These Cannabis Strains Are Awesome for Migraines
by Chane Leigh
If you or someone close to you has suffered a spinal cord injury (SCI), chances are chronic pain may have been a constant companion. Until now, treatment options were limited and often provided only minimal relief. However, a new, innovative study offers never-before-seen insights into the effectiveness of cannabidiol (CBD) as a promising alternative treatment option.
In this article, we’ll closely examine this fascinating exploration of cutting-edge research and learn how this study could transform the future of pain relief for spinal cord injury patients.
Spinal cord injuries (SCIs) are a severe and often devastating health issue in the United States. Unfortunately, chronic pain is a common and often debilitating complication of SCIs in the United States. According to the National Spinal Cord Injury Statistical Center (NSCISC), there are approximately 17,810 new cases of SCI each year, with a prevalence of about 294,000 people currently living with SCI in the U.S. SCIs can result from a variety of causes, including:
Research indicates that approximately 70% of individuals with SCIs experience chronic pain. This can include nerve pain, musculoskeletal pain, and headaches, among other types. Chronic pain can significantly impact a person’s quality of life, leading to depression, anxiety, and social isolation. Effective pain management is an essential aspect of SCI treatment and can involve a combination of medications, physical therapy, and other therapies.
The University of Sydney, in collaboration with the Lambert Initiative for Cannabinoid Therapeutics, has launched a pioneering medical trial to investigate the efficacy of CBD in treating chronic pain resulting from spinal cord injuries. This pioneering research has been granted AUD$1.7 million in funding from NSW Health and is the first of its kind globally.
Persistent pain is a prevalent issue among SCI patients, with nearly 80% of affected individuals experiencing some degree of discomfort. Professor Luke Henderson, who leads the study from the university’s Brain and Mind Centre and the School of Medical Sciences, emphasizes the urgency for new treatment options. Current neuropathic pain therapies have limited effectiveness and are often accompanied by severe side effects, worsening patients’ conditions.
The use of cannabis-based products for neuropathic pain relief has seen a steady increase in Australia. According to Professor Iain McGregor, the study’s co-investigator from the Lambert Initiative, physicians frequently prescribe these products for pain management. The National Drug Strategy Household Survey reported that from 2016 to 2019, 1,011 prescriptions for medical cannabis were issued. This number has skyrocketed to 295,515 since 2020, showcasing a growing trend in the country.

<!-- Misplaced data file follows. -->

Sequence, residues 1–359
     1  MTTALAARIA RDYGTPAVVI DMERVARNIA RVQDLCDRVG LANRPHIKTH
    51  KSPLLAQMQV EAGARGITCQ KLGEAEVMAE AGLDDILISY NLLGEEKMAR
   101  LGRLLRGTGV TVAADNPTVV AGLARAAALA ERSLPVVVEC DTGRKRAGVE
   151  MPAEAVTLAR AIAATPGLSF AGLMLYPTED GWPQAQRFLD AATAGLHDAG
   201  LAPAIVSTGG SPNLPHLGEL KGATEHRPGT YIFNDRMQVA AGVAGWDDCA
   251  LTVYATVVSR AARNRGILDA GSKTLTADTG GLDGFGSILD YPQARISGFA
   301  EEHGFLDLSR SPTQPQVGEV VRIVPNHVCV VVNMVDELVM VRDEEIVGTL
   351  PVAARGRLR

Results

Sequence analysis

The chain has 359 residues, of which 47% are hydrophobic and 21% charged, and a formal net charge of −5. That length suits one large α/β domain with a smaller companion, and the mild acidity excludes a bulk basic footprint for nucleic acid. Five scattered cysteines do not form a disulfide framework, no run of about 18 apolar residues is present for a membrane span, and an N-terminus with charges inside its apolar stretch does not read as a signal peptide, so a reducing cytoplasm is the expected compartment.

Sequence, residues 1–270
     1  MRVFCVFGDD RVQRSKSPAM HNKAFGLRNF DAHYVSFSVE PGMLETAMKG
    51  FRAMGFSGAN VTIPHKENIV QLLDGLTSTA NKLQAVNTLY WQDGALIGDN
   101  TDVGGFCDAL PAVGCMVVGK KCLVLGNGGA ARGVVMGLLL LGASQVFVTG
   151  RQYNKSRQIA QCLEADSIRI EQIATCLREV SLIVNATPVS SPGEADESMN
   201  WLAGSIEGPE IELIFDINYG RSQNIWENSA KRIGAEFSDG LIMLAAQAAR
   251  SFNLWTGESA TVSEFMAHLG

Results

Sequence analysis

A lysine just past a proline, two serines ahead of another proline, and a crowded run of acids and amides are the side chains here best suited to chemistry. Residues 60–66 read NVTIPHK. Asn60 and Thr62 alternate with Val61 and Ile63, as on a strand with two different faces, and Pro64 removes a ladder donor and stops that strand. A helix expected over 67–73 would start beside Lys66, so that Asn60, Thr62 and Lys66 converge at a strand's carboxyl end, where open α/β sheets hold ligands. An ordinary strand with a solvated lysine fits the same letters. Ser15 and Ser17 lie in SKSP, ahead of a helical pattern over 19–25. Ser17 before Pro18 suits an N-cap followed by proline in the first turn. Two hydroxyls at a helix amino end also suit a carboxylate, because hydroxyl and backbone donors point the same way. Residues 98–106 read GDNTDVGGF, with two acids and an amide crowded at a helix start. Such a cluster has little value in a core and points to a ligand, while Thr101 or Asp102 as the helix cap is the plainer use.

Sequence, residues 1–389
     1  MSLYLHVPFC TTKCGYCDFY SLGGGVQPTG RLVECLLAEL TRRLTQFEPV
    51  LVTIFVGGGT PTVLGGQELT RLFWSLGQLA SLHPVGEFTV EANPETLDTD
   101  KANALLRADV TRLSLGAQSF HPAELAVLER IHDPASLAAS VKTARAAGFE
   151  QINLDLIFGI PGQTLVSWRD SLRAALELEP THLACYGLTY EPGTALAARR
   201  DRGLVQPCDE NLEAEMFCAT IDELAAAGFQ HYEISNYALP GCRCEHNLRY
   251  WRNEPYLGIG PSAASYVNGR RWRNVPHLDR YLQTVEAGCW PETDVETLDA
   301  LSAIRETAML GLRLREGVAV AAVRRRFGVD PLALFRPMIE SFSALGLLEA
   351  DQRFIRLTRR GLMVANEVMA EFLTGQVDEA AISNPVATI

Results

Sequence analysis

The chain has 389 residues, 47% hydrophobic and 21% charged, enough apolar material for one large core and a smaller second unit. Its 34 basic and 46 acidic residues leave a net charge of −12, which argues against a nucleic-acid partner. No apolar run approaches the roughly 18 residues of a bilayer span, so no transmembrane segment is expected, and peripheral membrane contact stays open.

The trial will occur at Neuroscience Research Australia (NeuRA) in Randwick, Sydney, a world-class facility for imaging the brain and researching spinal cord injuries. Participants will undergo two six-week treatment periods, receiving either a placebo or CBD in a randomized order. Patients will rate their pain levels throughout the trial and wear wrist monitors to track their sleep patterns.
Additionally, at the beginning and end of each treatment phase, participants will visit NeuRA to have their brains scanned, fill out questionnaires, and provide blood samples.
Furthermore, this study aims to go beyond simply establishing CBD’s efficacy and will attempt to identify a biomarker that will predict individual responses to CBD treatment. Such an innovative approach may help clinicians personalize treatments even further and improve patient outcomes for those living with chronic pain caused by SCI.
Undoubtedly, the results of this new study will add to the long list of previous studies showing the effectiveness of CBD in alleviating chronic pain. Researchers hope this medical trial exploration represents a beacon of hope for millions of people suffering from this debilitating condition.
By pushing the boundaries of medical research and shedding light on the potential therapeutic applications of cannabis-based products, this study has the potential to significantly impact the lives of patients, their families, and the medical community.
As we continue to broaden our understanding of the benefits of cannabinoids, we inch closer to a future where the stigma surrounding cannabis dissipates, replaced by a newfound appreciation for its potential to alleviate pain and improve the quality of life for those grappling with spinal cord injuries.
Note: The content on this page is for informational purposes only and is not intended to be professional medical advice. Do not attempt to self-diagnose or prescribe treatment based on the information provided. Always consult a physician before making any decision on the treatment of a medical condition.
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